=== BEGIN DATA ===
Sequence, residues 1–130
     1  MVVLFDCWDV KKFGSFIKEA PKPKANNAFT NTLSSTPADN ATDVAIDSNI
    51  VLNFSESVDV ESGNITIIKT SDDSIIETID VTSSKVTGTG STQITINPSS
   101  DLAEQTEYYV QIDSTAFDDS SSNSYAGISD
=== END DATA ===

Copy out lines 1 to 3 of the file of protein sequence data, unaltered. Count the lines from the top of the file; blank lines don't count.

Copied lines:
Sequence, residues 1–130
     1  MVVLFDCWDV KKFGSFIKEA PKPKANNAFT NTLSSTPADN ATDVAIDSNI
    51  VLNFSESVDV ESGNITIIKT SDDSIIETID VTSSKVTGTG STQITINPSS